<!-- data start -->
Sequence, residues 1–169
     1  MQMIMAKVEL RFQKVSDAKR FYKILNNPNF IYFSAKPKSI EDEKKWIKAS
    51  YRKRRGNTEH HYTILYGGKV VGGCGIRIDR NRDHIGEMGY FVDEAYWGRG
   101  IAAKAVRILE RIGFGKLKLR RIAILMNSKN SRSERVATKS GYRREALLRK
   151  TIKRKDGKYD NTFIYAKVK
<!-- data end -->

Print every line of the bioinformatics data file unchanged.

Sequence, residues 1–169
     1  MQMIMAKVEL RFQKVSDAKR FYKILNNPNF IYFSAKPKSI EDEKKWIKAS
    51  YRKRRGNTEH HYTILYGGKV VGGCGIRIDR NRDHIGEMGY FVDEAYWGRG
   101  IAAKAVRILE RIGFGKLKLR RIAILMNSKN SRSERVATKS GYRREALLRK
   151  TIKRKDGKYD NTFIYAKVK